By Dr. Denise R. Ames
Throughout American history, there have often been debates about whether the president shapes the times or the times shape the president. In the case of the presidency of Donald Trump, I make the case that the times are shaping his presidency and vice versa—he is shaping the times.
The business world loves to shout out the benefits of disruption. Every new tech invention is proudly claimed as a disrupter of the status quo. Uber disrupted the taxi industry and “freed” thousands of blossoming entrepreneurs to become their own bosses and shape their own destiny. Facebook disrupted traditional face-to-face social interactions, replacing them with virtual connections. The list goes on and on.
But the phenomenon of disruption is unlikely to be contained in just the business world. Applying a holistic approach, meaning that all the cultural traits of a society interact with and influence each other, we see that disruption was bound to spill out to other areas of society. The political world is just one.
The political world is not a remote enclave from the rest of society. It too feels the wrath of disruption. Many people want to disrupt politics, to “shake things up” or have a “political revolution.” By doing so, they would magically dislodge entrenched party divisions. Somehow, those shaken up would miraculously be more responsive to the other side, and things would get done. But disruption has a downside, and we are witnessing it in every corner of our society.
Donald Trump ran as a disrupter candidate and is governing as a disrupter president. He is the ideal personality type for this disruptive-leader position. He is spontaneous and vengeful, and he has a weak moral compass with which to rein in his excesses. To me, his main goal is to shred the long-established traditions and customs holding together American society and government. I don’t think he has a clue about what is going to replace these traditions, other than chaos and more disruption. Many people cited his business expertise as a reason for voting for him, and indeed, he has brought the business practices of disruption all the way to the White House.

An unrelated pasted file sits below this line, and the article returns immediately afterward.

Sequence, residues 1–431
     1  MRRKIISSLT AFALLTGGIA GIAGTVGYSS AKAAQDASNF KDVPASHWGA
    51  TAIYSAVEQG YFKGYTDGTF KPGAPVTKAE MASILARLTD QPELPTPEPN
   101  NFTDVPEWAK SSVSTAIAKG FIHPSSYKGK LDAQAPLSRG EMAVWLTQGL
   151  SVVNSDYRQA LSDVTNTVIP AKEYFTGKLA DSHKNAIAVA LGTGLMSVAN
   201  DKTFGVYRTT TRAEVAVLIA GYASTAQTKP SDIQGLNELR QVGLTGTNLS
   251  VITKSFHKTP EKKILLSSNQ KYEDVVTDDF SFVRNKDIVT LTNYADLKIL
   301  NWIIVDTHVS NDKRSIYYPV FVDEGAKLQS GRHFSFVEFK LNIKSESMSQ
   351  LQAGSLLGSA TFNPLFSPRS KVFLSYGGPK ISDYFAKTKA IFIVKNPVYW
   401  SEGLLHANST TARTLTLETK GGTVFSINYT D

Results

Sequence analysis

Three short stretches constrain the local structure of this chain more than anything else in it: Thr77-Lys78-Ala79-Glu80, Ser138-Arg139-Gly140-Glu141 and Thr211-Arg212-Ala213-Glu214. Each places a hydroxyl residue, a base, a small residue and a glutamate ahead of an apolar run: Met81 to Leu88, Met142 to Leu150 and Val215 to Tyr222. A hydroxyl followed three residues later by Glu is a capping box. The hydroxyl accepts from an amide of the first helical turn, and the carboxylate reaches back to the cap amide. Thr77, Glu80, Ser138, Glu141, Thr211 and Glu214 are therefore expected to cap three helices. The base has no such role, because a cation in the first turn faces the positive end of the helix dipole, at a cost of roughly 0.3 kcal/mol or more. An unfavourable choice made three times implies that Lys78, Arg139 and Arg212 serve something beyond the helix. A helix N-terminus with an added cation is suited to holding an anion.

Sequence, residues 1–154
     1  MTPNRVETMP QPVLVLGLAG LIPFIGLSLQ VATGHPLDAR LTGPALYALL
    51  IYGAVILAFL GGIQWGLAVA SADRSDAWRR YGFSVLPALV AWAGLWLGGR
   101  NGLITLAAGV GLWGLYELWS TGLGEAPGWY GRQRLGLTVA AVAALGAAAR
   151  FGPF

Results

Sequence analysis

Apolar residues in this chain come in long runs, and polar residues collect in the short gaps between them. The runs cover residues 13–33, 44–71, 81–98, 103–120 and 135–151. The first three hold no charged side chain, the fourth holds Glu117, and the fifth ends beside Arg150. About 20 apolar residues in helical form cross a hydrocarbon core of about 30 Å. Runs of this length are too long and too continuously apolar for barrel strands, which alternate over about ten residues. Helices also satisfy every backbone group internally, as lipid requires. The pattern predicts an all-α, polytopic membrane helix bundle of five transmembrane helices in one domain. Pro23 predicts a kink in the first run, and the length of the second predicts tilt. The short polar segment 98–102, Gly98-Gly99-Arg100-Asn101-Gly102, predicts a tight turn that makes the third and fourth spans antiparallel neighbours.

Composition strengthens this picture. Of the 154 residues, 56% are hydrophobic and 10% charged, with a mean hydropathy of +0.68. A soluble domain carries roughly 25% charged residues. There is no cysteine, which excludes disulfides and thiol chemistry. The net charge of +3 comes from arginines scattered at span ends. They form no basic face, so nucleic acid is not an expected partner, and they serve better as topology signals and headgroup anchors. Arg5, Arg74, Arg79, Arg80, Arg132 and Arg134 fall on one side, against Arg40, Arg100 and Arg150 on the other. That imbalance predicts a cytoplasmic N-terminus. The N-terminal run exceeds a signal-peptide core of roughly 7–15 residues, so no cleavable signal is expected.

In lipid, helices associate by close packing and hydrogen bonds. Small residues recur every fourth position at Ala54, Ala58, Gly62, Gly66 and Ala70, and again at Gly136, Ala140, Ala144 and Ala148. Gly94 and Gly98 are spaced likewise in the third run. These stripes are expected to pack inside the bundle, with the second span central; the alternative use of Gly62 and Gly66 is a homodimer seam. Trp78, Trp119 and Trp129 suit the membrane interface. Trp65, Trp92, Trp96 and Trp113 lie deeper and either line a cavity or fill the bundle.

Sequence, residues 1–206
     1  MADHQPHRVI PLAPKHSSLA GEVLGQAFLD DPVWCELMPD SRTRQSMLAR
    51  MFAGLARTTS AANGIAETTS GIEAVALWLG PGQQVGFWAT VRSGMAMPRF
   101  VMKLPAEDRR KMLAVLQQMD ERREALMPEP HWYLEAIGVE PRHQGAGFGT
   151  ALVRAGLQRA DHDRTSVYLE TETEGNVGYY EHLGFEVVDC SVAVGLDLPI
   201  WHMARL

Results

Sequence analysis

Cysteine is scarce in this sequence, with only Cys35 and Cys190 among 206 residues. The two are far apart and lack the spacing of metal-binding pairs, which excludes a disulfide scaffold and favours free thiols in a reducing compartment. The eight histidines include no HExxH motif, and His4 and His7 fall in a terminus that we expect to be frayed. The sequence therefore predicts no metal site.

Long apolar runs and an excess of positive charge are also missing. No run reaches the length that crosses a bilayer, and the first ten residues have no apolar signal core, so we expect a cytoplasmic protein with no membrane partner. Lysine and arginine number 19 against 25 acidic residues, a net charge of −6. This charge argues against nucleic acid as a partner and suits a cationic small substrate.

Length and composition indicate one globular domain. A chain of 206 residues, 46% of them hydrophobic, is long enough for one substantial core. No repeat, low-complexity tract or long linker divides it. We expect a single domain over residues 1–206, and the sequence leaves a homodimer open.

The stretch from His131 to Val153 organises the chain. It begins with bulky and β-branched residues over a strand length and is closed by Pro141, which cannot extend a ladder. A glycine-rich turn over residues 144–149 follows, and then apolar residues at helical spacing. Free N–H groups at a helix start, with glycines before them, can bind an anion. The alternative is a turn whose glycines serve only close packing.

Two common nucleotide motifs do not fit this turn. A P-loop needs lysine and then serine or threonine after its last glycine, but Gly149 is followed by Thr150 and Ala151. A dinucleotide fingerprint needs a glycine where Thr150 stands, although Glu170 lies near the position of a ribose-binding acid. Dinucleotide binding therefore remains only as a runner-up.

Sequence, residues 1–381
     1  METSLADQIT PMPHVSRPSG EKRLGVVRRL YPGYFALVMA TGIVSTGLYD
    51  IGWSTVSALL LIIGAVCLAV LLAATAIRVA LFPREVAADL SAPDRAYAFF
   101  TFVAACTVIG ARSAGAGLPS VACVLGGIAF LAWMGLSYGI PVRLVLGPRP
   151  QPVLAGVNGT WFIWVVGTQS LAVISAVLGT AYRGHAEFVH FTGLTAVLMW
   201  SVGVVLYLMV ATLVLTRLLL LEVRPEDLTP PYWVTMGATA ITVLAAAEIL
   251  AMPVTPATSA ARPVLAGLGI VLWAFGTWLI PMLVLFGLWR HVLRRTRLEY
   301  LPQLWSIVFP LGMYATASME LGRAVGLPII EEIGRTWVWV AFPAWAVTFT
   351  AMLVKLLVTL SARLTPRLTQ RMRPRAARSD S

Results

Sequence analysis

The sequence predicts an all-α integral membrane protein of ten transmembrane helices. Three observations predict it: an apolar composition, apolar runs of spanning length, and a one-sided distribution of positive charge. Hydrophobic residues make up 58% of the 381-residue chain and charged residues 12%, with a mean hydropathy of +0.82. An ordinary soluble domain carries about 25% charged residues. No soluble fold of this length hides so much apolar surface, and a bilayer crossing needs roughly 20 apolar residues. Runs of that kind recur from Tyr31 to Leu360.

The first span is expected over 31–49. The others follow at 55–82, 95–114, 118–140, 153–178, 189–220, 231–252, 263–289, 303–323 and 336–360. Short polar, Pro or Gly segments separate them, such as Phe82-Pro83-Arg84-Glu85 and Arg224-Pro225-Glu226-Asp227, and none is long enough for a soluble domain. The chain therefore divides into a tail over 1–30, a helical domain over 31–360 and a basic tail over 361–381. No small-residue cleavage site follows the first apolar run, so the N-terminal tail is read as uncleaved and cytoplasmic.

However, too much disruption does not bode well for American society. (The same can be said for events going on in Europe, for instance, with the growing popularity of Marine Le Pen leading up to the 2017 French presidential election.) The disruption to the American family, for example, has resulted, among many, in family breakdown, a sense of individual anomie and alienation, and a population ripe for drug addiction and other destructive behaviors.
When too much disruption permeates a society, the general population often turns to authoritarian leaders to give them guidance and a sense of security and order. Forgotten is that authoritarian leaders do just the opposite. They sow more chaos and disorder, creating a need among the people for more authoritarian acts—a vicious and destructive cycle. Although not a fascist, Donald Trump has authoritarian characteristics, and his mode of governance is very troubling.